Watch: Pharma Company Produces Cartoon Series for PH1 Awareness among Kids 

Alnylam Pharmaceuticals has developed and produced a cartoon series aimed at educating people — especially young people — about the pediatric rare disease primary hyperoxaluria type 1 (PH1).

The campaign — called ‘PH1 of a Kind’ — is a four-part video series explaining aspects of the disease. The first video (which you can find below) delves into the physiological experience of PH1.

Alnylam is also developing a treatment for PH1 for children and adults that is in late-stage clinical trials.

What a great resource!

What is PH1?

Primary hyperoxaluria type 1 is a rare disorder that affects the kidneys. PH1 results from buildup of oxalate, which normally is filtered through the kidneys and excreted in the urine. For those with PH1, the oxalate accumulates in the kidneys and urinary tract and combines with calcium to form the main component of kidney and bladder stones.

Some symptoms include:

  • Kidney and bladder stones (and symptoms associated with kidney/bladder stones)
  • Stunted growth
  • Kidney damage
  • Renal failure

To learn more about PH1, click here.

Meet ‘Isabelle’

Kids with PH1 often need special accommodations at school, like needing to drink more water and having to go to the bathroom more often. Some kids might misunderstand seeing a classmate leave the room to get water or use the bathroom as a special privilege — when it’s just how kids with PH1 manage their condition.

“Kids with a rare disease can feel isolated and misunderstood and struggle to talk about their disease, and their caregivers can feel the same way,” said Seth Levine, head of corporate brand and creative at Alnylam. “There was a need for resources for patients and caregivers to help others understand their disease. In conversations with parents and advocates, we learned there is a lot of information out there, but nothing that was child-focused and child-friendly.”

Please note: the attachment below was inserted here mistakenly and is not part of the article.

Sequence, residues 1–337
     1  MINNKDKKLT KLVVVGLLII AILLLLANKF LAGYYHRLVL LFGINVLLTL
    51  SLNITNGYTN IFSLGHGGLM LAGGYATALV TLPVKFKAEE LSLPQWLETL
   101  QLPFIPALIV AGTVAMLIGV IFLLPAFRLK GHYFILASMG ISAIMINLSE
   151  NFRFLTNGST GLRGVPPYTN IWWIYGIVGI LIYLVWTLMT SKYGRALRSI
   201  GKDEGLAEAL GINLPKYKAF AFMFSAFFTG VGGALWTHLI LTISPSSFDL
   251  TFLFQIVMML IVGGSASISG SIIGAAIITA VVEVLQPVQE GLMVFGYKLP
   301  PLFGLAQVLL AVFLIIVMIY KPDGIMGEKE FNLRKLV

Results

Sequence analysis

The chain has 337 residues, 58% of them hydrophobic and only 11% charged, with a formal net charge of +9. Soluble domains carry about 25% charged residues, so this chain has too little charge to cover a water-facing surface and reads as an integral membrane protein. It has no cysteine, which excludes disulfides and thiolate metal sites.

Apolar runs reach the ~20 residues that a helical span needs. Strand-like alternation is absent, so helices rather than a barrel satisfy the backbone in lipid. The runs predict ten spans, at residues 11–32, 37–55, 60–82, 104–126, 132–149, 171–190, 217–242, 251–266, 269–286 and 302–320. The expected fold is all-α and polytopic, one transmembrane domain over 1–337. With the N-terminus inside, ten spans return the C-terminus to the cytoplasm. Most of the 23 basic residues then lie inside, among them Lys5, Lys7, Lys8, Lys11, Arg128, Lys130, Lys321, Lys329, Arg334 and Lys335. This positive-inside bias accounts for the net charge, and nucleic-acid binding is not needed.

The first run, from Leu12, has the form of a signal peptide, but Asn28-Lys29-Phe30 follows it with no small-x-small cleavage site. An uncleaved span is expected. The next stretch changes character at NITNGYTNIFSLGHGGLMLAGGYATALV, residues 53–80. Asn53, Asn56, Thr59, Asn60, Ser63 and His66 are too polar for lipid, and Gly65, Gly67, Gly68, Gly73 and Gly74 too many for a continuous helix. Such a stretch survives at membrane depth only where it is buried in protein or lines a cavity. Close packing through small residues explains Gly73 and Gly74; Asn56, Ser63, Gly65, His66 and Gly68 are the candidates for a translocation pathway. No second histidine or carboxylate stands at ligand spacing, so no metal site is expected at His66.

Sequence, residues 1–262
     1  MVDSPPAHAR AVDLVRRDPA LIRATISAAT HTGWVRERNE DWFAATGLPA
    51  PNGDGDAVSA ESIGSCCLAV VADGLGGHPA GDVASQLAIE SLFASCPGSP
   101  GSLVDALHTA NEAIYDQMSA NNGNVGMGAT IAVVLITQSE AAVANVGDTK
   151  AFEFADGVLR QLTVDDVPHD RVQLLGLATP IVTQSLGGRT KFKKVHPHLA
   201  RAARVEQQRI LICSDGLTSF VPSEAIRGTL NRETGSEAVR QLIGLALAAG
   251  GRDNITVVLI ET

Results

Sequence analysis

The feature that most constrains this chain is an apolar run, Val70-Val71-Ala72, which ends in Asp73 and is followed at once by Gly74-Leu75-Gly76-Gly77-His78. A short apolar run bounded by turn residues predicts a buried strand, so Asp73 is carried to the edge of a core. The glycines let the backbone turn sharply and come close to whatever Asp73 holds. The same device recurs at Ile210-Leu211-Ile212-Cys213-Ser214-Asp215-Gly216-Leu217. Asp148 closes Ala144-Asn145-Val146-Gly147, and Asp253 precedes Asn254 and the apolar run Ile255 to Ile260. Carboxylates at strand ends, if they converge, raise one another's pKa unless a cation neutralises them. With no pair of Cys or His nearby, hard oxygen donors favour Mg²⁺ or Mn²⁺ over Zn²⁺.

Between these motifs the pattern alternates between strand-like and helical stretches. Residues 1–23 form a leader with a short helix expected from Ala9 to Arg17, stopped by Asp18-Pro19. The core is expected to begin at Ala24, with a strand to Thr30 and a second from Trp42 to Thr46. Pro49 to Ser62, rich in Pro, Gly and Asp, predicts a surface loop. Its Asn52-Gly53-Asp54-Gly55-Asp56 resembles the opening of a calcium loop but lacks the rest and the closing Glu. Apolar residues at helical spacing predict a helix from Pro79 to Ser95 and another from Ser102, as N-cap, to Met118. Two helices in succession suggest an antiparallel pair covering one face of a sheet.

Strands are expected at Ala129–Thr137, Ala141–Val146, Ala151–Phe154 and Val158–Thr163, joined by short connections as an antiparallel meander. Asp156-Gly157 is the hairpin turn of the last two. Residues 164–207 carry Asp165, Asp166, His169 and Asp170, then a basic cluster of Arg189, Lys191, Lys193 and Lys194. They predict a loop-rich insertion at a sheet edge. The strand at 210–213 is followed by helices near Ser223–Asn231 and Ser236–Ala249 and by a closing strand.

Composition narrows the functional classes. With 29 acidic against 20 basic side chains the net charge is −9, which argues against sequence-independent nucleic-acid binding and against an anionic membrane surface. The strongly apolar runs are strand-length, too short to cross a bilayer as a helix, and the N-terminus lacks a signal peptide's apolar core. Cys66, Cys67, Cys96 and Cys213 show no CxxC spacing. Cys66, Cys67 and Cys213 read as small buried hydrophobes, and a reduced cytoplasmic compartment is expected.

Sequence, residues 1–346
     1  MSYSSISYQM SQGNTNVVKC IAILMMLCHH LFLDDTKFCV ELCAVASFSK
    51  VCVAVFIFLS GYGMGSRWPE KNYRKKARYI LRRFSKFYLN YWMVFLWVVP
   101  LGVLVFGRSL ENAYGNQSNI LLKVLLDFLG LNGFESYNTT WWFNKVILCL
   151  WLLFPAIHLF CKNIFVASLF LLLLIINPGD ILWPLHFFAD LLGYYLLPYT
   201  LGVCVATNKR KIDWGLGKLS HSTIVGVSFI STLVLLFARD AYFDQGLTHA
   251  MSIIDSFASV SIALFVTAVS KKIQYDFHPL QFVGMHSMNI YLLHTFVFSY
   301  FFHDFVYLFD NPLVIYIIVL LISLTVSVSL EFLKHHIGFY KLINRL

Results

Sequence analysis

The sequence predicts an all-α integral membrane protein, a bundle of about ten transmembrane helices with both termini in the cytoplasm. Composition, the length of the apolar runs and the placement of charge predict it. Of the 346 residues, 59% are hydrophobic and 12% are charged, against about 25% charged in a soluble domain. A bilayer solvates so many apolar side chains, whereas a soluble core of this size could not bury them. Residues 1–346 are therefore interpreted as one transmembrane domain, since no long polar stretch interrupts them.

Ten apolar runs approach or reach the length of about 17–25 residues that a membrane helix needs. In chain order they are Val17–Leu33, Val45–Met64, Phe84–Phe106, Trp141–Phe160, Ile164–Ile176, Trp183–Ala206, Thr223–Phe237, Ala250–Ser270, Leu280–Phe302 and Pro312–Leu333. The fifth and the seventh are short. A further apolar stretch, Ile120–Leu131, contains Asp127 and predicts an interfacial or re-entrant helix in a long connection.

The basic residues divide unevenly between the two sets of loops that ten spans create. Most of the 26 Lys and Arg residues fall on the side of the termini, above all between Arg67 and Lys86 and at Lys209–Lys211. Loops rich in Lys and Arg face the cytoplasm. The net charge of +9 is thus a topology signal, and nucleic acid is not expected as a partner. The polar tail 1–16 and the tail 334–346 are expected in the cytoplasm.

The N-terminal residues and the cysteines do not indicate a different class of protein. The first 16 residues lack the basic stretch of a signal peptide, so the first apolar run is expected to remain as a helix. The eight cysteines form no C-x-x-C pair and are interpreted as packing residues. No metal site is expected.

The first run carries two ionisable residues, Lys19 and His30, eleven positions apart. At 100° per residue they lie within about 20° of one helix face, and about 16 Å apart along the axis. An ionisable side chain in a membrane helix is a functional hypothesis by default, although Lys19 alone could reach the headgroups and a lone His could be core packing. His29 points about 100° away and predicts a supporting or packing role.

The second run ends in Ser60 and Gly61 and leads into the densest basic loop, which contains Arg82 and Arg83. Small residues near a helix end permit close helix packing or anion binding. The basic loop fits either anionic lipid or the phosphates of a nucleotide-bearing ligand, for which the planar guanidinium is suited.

So the below clip introduces Isabelle — a young girl managing her PH1 in a classroom setting.

Because the video is intended for kids, the team needed to ensure that kids could relate to it. Isabelle and her teacher talk about PH1 in simple terms, explaining her condition in kid terms, like saying her kidneys are filled with “stuff” that causes stones and that PH1 can give her a “really bad bellyache.”

Take a look!

Thanks Isabelle for that lesson!

More videos will be released in coming months and represent the experience of kids with PH1 around the world. They will focus on the emotional aspect of having a rare disease and how these kids manage their condition.

“We wanted to develop this as a resource for the patient community, to create something that those kids and parents could share with their extended caregiver community, like teachers, coaches and administrators,” Seth said. “From initial feedback, parents finally feel like they have something they can send to teachers and extended family that explain what’s happening with their children.”

This is great work being done for a great cause — educating and relating to the young rare disease community. More of this, please!

Do you know of rare disease resources aimed for children? Share it with the Patient Worthy community!

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